- The ability to choose lesson materials corresponding to the level of knowledge of students in the class;
- The possibility of cooperation between students via individual consultations;
- The development of various ways of navigation and presentation of the exercise content, as well as the formula itself, in visual forms and alternative audio presentations, depending on the stage of the exercise and its context;
- Semi-automatic generation of alternative presentations of mathematical formulas, including additional structural information based on the TEX notation, which is a standard used for writing mathematical expressions; the choice of widely used TEX notation serves as a bridge between the commonly used presentation and the proposed alternative presentation. The developed method of alternative presentation can be used in different languages. It requires adapting the alternative descriptions to the rules of a specific language, while the TEX syntax modifications remain unchanged. The paper presents the method and demonstrates its application with alternative descriptions in the Polish language.

## Author Contributions

## Funding

## Institutional Review Board Statement

## Informed Consent Statement

## Data Availability Statement

## Conflicts of Interest

## Appendix A

Node Number | Concept (Math Term) | Successor Node | Mistake Node ^{1} | Mistake Type and Description |
---|---|---|---|---|

C1 | Number intervals | C3, C4, C9 | E1 | Number set type definition error; range boundary definition error; range boundary type error |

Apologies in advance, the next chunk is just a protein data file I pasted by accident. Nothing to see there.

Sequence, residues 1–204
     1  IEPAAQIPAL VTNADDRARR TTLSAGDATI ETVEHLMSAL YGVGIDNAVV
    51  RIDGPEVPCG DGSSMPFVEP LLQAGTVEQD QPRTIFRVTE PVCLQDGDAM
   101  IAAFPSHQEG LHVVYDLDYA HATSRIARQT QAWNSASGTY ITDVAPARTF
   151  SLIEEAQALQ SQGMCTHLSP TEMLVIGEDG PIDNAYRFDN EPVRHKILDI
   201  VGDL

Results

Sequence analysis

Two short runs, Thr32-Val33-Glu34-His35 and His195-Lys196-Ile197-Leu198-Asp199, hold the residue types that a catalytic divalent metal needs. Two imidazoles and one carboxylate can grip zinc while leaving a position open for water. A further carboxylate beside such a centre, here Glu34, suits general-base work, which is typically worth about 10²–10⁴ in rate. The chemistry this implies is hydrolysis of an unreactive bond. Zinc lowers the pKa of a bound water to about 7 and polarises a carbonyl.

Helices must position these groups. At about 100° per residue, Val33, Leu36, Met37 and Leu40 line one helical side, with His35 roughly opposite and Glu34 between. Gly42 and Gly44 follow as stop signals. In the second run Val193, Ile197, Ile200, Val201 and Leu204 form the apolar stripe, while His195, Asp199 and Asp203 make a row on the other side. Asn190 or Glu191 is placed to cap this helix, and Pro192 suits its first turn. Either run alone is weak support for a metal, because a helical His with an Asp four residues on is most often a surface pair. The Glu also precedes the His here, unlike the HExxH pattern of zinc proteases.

C2 | Function definition | C3, C4, C5 | E2 | Function definition understanding error; function definition error |

C3 | Definition of the domain of a function | C4, C7, C13, C22, C30 | E3 | Determination of value constraints in the domain of the function error; determination of the boundary of the range of the domain of the function error |

C4 | Definition of the codomain of a function | C7, C13, C22, C30 | E4 | Determination of value constraints in the counter domain of the function error; determination of the boundary of the range of the counter domain of the function error |

C5 | Definition of the derivative of a function | C6, C9 | E5 | Function derivative definition error; function derivative definition understanding error |

C6 | Definition of the second derivative of the function | C10 | E6 | Second function derivative definition error; second function derivative understanding error |

C7 | Definition of the function graph | C8, C13, C22, C30 | E7 | Determination of the value of the function for the specified value of the argument error; inability to determine the shape of the function graph error |

C8 | Definition of a root of a function | C15, C23, C24, C31 | E8 | Inability to understand the definition of zero error; inability to calculate zero error |

C9 | Definition of monotonicity interval | C16, C25, C32 | E9 | Inability to understand the idea of monotonicity error; inability to calculate the interval error; calculation of monotonicity interval error |